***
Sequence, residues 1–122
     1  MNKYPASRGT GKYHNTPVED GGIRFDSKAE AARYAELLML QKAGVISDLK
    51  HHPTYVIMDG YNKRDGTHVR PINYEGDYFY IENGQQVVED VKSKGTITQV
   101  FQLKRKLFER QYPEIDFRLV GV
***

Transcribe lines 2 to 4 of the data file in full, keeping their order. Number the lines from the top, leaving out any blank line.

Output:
     1  MNKYPASRGT GKYHNTPVED GGIRFDSKAE AARYAELLML QKAGVISDLK
    51  HHPTYVIMDG YNKRDGTHVR PINYEGDYFY IENGQQVVED VKSKGTITQV
   101  FQLKRKLFER QYPEIDFRLV GV